Photograph: Playwright David Ives.
So, did Dr. David Rosenbaum recommend you for this teaching job?
David Ives, the playwright and newly appointed adjunct professor at Columbia University, laughed.
Rosenbaum, a figure of his fertile imagination, is the unseen Columbia professor whose laboratory experiment to find out if "three monkeys typing into infinity will sooner or later produce Hamlet" prompts some of the most hilarious laughter from audiences at Ives' antic Off-Broadway hit, All in the Timing.
"It's more as if I'm Rosenbaum," Ives said. "I have seven primates in my class whom I have to induce to write 'Hamlet,' by hook or by crook."
Hailed as the theatre world's liveliest new talent, Ives is teaching playwriting this spring to second-year M.F.A. candidates in the Oscar Hammerstein II Center for Theatre Studies at the School of the Arts. The critically acclaimed production of his six one-act comedies All in the Timing opened at Off Broadway's Primary Stages over a year ago and propelled the playwright to instant celebrity. The season's sensation, the show was moved to the nearly 300-seat John Houseman Theatre, where it continues to play to full houses.
New Play in March
Ives received the Outer Critics Circle's John Gassner Playwriting Award and a Drama Desk nomination for Outstanding Play for the production. More Ives is on the way for New York audiences: His new full-length play Don Juan in Chicago is set to premiere in March at Primary Stages.
A writer whose originality and skill with language have won raves from critics Richard Corliss in Time, John Simon in New York Magazine, Ben Brantley and Vincent Canby in The New York Times and many others, Ives, 44, is also an extraordinary teacher, say his Columbia colleagues.
Arnold Aronson, professor and chairman of the Division of Theatre Arts, and Romulus Linney, the playwright and professor of writing who is adviser to the playwriting program, both were impressed with Ives when he served as guest moderator at an evening of readings of student works-in-progress last year.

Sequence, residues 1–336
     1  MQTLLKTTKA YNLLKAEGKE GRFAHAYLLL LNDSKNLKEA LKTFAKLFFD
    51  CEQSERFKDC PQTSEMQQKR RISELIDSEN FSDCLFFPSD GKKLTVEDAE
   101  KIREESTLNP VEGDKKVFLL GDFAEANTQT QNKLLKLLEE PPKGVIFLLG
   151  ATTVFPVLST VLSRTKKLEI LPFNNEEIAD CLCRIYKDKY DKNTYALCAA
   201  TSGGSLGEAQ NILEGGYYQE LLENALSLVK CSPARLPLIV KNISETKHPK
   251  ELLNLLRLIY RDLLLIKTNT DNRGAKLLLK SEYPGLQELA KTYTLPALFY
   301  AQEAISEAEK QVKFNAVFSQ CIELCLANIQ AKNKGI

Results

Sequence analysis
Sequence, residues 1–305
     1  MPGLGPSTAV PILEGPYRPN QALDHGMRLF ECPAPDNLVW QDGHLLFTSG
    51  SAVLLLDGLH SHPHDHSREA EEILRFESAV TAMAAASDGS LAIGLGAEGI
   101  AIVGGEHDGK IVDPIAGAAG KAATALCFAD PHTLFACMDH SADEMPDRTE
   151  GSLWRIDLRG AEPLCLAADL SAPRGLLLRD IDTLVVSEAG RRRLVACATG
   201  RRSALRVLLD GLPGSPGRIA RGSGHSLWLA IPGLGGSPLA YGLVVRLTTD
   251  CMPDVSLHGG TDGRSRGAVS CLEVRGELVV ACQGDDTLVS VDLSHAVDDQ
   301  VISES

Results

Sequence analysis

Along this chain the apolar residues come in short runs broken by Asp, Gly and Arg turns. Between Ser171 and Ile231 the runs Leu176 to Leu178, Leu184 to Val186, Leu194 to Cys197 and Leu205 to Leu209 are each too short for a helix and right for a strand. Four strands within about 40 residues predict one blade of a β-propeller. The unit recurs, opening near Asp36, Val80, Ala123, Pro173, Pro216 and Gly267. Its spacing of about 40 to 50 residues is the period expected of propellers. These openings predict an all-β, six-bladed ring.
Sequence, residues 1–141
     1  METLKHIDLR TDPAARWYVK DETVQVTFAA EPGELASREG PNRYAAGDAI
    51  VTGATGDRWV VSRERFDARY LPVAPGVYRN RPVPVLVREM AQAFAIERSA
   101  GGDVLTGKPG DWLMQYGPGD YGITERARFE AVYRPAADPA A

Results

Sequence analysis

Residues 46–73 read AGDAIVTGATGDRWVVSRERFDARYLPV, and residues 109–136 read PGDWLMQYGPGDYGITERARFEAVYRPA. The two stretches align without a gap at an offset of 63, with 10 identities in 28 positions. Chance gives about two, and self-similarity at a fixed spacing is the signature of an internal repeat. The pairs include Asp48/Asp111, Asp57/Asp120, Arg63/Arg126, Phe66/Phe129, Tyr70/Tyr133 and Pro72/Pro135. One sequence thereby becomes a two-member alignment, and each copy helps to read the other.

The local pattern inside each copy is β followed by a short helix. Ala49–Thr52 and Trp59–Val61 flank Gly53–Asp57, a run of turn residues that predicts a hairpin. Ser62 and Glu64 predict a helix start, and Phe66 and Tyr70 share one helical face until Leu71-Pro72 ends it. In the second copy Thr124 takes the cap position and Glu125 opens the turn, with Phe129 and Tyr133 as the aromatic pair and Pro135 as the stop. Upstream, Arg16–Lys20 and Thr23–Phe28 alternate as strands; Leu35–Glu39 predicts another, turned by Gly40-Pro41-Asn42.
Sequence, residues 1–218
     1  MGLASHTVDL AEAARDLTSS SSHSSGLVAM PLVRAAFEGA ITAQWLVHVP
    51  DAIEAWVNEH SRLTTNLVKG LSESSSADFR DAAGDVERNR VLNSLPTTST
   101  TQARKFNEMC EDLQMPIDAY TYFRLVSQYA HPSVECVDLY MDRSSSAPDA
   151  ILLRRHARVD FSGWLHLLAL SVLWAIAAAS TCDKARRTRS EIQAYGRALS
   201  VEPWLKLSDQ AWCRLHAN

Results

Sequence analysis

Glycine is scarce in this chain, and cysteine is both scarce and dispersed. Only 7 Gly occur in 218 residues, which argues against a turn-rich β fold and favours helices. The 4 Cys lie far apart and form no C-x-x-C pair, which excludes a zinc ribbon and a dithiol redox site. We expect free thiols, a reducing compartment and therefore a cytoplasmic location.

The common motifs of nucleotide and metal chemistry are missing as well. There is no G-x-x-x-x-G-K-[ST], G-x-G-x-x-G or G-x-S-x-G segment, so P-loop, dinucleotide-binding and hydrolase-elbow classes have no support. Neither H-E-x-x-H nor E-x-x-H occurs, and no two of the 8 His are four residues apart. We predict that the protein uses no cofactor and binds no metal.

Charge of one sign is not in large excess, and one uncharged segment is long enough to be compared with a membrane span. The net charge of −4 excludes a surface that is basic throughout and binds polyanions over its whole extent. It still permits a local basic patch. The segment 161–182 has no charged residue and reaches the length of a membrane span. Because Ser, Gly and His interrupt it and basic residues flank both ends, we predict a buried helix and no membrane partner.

"He showed great sensitivity to the students and was able to empathize with them," said Linney.
"He did so well that we thought we would ask him to teach the spring course in playwriting--part of our effort to draw on the tremendous reservoir of talent in New York. He's a very fine teacher--and not too many playwrights are."
Playwriting Is Harder
"I've taught both screenwriting and playwriting," said Ives in a recent interview, "and playwriting is both much harder and much more rewarding. One can teach people how to tell a story in cinematic ways, but theater is a much more elusive craft. Each play is different from every other play in a way that every movie is not different from every other movie. Writing a play, you start with less, so more is demanded of you. It's as if you have to not only write a symphony, but invent the instruments as well. I love it--teaching--and can't wait to dig in."
Ives, a Chicago native, has been writing plays since he was a student at Northwestern University. He came to New York when Circle Repertory Company produced an early work, "Canvas," and stayed on when a job as an editor at Foreign Affairs opened up.
But he continued to write plays and short stories and enrolled in Yale Drama School in 1981, receiving the M.F.A. three years later. Slowly, his short plays began to be produced. Several of the sketches in All in the Timing--Words, Words, Words; Sure Thing; Philip Glass Buys a Loaf of Bread; and Variations on the Death of Trotsky--were staged at Manhattan Punch Line's Festival of One-Act Comedies. The Universal Language saw its world premiere and The Philadelphia its first New York showing.) His two-act Ancient History was produced by Primary Stages in 1988, and Ensemble Studio Theatre staged Mere Mortals and Long Ago and Far Away in 1989 and 1993, respectively.
There are lots more Ives plays around, and 14 of them have been published in one volume by Vintage Press under the title All in the Timing. He also has written several "End Paper" essays for The New York Times Magazine.
And the accolades keep piling up. Young Playwrights Inc. has just named him winner of the 1994 George and Elisabeth Marton Playwriting Award, an honor that carries a $1,000 prize, and New York Magazine named him one of the "100 Smartest New Yorkers."
But Ives refuses to be impressed, saying of his inclusion on the list: "Lists are anti-democratic, discriminatory, elitist, and sometimes the print is too small."